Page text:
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Mutations affecting mRNA splicing define distinct clinical phenotypes and correlate with patient outcome in myelodysplastic syndromes

Frederik Damm, Olivier Kosmider, Véronique Gelsi-Boyer, Aline Renneville, Nadine Carbuccia, Claire Hidalgo-Curtis, Véronique Della Valle, Lucile Couronné, Laurianne Scourzic, Virginie Chesnais, Agnes Guerci-Bresler, Bohrane Slama, Odile Beyne-Rauzy, Aline Schmidt-Tanguy, Aspasia Stamatoullas-Bastard, François Dreyfus, Thomas Prébet, Stéphane de Botton, Norbert Vey, Michael A. Morgan, Nicholas C. P. Cross, Claude Preudhomme, Daniel Birnbaum, Olivier A. Bernard, Michaela Fontenay, on behalf of the Groupe Francophone des Myélodysplasies

Abstract

A cohort of MDS patients was examined for mutations affecting 4 splice genes (SF3B1, SRSF2, ZRSR2, and U2AF35) and evaluated in the context of clinical and molecular markers. Splice gene mutations were detected in 95 of 221 patients. These mutations were mutually exclusive and less likely to occur in patients with complex cytogenetics or TP53 mutations. SF3B1mut patients presented with lower hemoglobin levels, increased WBC and platelet counts, and were more likely to have DNMT3A mutations. SRSF2mut patients clustered in RAEB-1 and RAEB-2 subtypes and exhibited pronounced thrombocytopenias. ZRSR2mut patients clustered in International Prognostic Scoring System intermediate-1 and intermediate-2 risk groups, had higher percentages of bone marrow blasts, and more often displayed isolated neutropenias. SRSF2 and ZRSR2 mutations were more common in TET2mut patients. U2AF35mut patients had an increased prevalence of chromosome 20 deletions and ASXL1 mutations. Multivariate analysis revealed an inferior overall survival and a higher AML transformation rate for the genotype ZRSR2mut/TET2wt (overall survival: hazard ratio = 3.3; 95% CI, 1.4-7.7; P = .006; AML transformation: hazard ratio = 3.6; 95% CI, 2-4.2; P = .026). Our results demonstrate that splice gene mutations are among the most frequent molecular aberrations in myelodysplastic syndrome, define distinct clinical phenotypes, and show preferential associations with mutations targeting transcriptional regulation.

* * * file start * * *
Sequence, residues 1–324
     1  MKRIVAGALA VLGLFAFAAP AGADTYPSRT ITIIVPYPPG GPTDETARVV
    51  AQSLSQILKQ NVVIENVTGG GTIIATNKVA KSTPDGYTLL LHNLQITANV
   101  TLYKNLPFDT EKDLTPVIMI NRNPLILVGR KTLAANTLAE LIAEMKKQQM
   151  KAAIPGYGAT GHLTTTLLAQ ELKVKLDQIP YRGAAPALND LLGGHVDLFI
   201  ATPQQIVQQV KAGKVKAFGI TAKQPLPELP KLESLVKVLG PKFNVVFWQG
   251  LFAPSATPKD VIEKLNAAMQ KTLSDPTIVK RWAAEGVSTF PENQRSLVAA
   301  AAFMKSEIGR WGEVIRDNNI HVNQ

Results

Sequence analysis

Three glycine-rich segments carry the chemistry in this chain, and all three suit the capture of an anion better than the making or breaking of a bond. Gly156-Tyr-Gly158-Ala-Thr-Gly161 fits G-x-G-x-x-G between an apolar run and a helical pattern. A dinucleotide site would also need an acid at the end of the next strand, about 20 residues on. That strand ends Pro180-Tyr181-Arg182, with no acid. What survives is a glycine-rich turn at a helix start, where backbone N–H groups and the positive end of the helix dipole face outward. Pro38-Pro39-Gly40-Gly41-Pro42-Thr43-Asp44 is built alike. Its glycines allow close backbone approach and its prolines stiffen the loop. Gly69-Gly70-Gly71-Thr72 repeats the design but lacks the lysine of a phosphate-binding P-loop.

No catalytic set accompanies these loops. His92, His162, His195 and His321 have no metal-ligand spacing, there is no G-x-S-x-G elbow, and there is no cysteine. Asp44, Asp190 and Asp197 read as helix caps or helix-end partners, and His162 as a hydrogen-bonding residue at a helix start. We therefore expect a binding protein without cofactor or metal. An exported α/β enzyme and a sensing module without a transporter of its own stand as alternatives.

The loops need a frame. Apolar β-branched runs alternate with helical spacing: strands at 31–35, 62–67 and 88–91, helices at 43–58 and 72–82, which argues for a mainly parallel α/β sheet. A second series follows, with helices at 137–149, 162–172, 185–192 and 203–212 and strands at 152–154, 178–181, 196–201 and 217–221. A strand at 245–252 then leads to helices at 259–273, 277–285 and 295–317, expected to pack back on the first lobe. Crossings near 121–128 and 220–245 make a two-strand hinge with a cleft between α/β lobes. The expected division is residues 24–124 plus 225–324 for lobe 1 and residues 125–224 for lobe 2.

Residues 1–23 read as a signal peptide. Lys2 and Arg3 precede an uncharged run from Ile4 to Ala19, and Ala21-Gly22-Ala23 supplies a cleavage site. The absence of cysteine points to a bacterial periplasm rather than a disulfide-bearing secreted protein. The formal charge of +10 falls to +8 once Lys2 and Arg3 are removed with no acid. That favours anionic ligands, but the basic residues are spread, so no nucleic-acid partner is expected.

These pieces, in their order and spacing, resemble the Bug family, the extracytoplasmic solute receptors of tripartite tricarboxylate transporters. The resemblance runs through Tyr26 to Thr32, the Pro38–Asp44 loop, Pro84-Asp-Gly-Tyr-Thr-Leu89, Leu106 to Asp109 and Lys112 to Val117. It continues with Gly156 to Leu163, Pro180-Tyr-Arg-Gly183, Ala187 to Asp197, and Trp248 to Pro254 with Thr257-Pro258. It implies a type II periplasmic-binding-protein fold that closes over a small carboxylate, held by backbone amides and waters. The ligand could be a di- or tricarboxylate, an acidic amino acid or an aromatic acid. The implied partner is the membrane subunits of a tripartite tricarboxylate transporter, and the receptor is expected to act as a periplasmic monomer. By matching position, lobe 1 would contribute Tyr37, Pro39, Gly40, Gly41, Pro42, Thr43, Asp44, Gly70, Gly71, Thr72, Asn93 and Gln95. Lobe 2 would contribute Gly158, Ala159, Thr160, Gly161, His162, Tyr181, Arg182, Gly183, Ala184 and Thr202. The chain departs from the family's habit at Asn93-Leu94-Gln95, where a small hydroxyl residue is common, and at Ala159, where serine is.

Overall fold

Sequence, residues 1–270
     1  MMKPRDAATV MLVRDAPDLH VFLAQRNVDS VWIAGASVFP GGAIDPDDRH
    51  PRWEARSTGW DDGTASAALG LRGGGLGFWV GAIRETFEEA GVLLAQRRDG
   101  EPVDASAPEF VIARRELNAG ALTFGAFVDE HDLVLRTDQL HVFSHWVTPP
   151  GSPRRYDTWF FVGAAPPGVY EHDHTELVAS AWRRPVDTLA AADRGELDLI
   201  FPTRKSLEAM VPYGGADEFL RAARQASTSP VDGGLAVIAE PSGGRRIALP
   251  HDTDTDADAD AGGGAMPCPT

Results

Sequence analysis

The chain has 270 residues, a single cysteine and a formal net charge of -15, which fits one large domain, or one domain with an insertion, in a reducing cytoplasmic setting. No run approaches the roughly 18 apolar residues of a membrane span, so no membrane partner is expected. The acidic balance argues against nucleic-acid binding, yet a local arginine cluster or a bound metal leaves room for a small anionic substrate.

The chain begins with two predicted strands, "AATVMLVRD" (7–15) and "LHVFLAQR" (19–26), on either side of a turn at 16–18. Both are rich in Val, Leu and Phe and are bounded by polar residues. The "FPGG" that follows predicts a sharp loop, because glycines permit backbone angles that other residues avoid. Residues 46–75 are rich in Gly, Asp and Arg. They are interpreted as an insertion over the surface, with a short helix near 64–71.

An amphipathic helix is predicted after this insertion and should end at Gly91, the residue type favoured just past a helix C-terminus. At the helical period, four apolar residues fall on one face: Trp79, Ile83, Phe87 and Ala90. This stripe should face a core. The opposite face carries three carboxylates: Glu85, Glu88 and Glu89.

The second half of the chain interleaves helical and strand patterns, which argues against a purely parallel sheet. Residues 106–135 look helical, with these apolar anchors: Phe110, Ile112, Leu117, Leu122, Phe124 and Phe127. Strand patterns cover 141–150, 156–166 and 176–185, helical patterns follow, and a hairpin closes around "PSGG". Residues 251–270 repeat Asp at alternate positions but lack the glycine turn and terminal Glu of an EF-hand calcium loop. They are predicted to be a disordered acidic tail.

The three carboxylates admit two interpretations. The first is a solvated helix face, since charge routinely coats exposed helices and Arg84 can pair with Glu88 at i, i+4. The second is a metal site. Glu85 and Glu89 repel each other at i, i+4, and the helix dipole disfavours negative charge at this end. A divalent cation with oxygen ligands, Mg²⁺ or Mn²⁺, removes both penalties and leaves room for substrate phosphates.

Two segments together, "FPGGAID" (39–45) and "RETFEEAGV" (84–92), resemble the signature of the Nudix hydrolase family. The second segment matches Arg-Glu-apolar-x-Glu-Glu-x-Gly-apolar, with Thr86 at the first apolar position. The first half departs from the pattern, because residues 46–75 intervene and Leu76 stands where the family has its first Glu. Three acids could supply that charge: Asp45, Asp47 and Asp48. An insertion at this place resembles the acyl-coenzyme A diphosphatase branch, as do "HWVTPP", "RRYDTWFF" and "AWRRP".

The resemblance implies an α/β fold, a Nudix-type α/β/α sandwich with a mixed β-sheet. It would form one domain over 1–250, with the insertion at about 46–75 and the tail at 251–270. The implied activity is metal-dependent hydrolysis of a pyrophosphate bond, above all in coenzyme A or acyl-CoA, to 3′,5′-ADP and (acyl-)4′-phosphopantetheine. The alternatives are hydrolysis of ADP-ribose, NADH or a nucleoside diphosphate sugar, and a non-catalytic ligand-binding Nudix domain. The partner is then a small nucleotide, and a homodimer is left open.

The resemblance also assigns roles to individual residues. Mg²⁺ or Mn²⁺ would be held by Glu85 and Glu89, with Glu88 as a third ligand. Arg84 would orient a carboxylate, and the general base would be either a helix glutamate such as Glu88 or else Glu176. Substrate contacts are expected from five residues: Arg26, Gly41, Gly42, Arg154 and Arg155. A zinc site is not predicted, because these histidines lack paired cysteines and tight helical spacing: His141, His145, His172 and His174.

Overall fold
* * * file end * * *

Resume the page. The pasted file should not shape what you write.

• Submitted December 28, 2011.
  • Accepted February 13, 2012.
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